To be consistent, every citizen who owned a bit of land in England, would have (essentially) become the king of his own tiny kingdom. But the minute they try creating a government that has jurisdiction over *all* the tiny kingdoms, they’re stepping outside of a God-ordained monarchical system, and into a propositional nation or a commune of some sort. (Actually, in the days following the execution of Charles, they referred to the state as “the common wealth”, so they might have realized this point).
There may be some precedent for this in Scripture, in pre-monarchial Israel, where the various tribes (and the clans there-in) governed themselves. But in each tribe, there was an “elder” or, as John Frame points out in his book on ethics, an “eldest elder” who ruled each tribe, and so there was a sort of feudal system there, if not in name, at least in practice.
This is very similar to the pre Anglo-Saxon era in Britain, and also in Sweden and Denmark (as witnessed in epics like Beowulf). You had “kingdoms” but, in reality, they were simply large tribes who owned and fought for the land they lived on.
The minute you say that land is no longer owned by individuals, but by the aggregate of citizens, you’ve moved from a Godly propriety, and into a rebellious system.
5. How can I, as a protestant, oppose the majority protestant rabble, and support the King?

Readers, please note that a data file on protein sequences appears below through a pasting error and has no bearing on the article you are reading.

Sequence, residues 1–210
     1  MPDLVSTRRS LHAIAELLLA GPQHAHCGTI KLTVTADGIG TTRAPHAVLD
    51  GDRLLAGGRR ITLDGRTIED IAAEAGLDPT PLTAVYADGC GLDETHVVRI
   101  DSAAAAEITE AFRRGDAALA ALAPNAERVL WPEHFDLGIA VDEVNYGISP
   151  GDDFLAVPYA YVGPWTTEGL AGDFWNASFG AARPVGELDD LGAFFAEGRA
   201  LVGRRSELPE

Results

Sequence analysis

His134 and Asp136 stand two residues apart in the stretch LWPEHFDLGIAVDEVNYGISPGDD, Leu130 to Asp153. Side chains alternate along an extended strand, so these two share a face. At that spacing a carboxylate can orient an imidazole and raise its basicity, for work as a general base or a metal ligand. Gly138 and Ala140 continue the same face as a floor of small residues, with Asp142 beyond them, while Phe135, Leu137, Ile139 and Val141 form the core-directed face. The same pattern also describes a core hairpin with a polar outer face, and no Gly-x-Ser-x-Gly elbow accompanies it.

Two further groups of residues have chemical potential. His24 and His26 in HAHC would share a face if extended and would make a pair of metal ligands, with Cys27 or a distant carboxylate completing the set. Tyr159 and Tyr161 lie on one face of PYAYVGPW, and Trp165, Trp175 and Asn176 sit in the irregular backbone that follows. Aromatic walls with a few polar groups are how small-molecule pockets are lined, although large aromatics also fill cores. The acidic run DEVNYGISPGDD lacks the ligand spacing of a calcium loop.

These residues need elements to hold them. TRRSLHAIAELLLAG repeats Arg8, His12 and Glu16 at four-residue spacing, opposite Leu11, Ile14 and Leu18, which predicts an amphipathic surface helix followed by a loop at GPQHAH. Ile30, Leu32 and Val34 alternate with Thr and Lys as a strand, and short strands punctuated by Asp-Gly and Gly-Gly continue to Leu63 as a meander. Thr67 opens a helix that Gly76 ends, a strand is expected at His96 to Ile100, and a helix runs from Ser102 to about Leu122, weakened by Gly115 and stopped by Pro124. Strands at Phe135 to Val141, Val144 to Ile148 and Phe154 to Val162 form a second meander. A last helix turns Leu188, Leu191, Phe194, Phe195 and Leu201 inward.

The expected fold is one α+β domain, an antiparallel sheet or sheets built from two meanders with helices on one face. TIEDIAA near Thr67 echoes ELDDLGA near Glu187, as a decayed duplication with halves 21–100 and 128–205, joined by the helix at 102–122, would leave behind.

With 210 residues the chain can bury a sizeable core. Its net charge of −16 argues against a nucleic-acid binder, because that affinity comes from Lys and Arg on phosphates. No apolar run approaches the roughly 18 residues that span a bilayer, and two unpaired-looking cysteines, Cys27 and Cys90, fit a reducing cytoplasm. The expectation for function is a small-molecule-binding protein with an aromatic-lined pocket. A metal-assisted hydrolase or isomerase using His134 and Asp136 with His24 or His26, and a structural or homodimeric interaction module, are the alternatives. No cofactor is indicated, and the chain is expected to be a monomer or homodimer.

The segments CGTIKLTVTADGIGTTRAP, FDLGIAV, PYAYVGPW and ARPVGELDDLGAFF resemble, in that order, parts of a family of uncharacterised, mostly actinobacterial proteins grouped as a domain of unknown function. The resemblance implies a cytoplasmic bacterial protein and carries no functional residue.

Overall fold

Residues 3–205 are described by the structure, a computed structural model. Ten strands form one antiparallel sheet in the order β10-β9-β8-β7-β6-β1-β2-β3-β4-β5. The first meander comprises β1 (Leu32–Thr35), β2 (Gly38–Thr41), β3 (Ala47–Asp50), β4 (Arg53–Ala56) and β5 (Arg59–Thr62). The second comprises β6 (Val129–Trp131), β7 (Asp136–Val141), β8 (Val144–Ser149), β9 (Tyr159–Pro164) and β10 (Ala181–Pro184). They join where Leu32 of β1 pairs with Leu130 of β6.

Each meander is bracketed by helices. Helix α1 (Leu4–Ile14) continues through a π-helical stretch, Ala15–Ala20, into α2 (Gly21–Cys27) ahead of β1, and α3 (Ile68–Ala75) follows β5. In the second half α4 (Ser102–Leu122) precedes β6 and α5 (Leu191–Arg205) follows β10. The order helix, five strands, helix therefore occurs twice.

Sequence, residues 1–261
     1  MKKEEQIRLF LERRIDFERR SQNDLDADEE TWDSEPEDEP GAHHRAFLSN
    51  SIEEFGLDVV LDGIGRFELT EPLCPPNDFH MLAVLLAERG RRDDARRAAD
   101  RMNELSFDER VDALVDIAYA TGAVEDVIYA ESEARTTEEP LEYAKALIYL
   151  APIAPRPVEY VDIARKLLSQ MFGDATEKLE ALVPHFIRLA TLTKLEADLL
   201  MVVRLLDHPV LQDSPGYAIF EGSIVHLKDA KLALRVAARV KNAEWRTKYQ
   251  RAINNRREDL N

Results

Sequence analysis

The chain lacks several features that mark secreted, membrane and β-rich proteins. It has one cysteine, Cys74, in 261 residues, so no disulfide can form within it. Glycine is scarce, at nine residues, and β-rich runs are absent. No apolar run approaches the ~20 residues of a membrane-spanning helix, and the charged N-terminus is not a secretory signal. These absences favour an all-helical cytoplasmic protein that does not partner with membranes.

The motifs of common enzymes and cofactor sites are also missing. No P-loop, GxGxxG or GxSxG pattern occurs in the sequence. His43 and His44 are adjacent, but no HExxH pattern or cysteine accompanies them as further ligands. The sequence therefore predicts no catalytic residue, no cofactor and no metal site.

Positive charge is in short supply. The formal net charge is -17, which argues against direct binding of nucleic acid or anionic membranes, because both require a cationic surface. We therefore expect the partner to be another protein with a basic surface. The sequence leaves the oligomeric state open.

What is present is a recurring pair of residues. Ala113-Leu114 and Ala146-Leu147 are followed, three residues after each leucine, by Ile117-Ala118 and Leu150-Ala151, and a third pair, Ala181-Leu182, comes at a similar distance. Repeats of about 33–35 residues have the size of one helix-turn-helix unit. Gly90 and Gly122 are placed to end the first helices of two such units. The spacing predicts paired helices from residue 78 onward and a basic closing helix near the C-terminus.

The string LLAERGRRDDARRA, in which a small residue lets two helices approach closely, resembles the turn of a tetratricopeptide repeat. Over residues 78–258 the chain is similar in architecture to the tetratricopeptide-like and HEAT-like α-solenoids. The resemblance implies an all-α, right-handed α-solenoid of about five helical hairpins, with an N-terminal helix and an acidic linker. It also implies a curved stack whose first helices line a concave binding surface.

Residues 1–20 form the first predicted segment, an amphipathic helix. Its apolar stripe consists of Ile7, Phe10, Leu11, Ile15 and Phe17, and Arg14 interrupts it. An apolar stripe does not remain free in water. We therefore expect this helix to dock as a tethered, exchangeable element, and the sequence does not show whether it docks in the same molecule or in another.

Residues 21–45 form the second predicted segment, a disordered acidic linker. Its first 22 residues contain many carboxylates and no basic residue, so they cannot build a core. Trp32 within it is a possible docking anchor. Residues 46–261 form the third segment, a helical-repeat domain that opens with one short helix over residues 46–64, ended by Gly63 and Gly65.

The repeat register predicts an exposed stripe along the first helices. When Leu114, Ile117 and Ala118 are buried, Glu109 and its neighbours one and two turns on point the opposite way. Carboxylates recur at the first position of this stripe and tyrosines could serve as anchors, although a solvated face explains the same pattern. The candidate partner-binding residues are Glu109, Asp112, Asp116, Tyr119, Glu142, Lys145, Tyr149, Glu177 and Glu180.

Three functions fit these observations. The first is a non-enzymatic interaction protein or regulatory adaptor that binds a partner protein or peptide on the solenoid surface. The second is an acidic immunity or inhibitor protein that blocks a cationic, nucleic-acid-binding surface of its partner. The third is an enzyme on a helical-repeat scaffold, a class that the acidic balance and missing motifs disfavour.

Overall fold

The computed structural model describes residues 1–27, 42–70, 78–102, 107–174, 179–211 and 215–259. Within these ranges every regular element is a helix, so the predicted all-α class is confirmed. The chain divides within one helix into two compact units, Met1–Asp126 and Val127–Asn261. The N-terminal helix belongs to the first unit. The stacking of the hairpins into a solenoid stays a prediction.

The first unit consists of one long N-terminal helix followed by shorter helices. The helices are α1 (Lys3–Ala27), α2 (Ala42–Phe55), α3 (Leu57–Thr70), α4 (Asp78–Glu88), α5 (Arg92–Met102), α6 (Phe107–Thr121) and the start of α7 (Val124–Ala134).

Learning history from Calvinists tends to bias one towards Cromwell, who, according to some zealous “chosen” folk, was a saint. I’m in the odd position of agreeing with some (not all) of the protestants theologically, but disagreeing with their usage of these truths to further political agendas; as if precious theological truths are mere fodder for public debates.
The fallout from this time period affects the Protestant movement to this day; we even see traces of it in the Kinist camp, many of whom are die hard presbyterians who still support the Solemn League and Covenant.
This requires much more thought on my part – but as of now, I’m a dedicated monarchist and would have sided against the puritans in the civil war.
Much more can be said; these questions, insights, and data will give me something to chew on for years to come.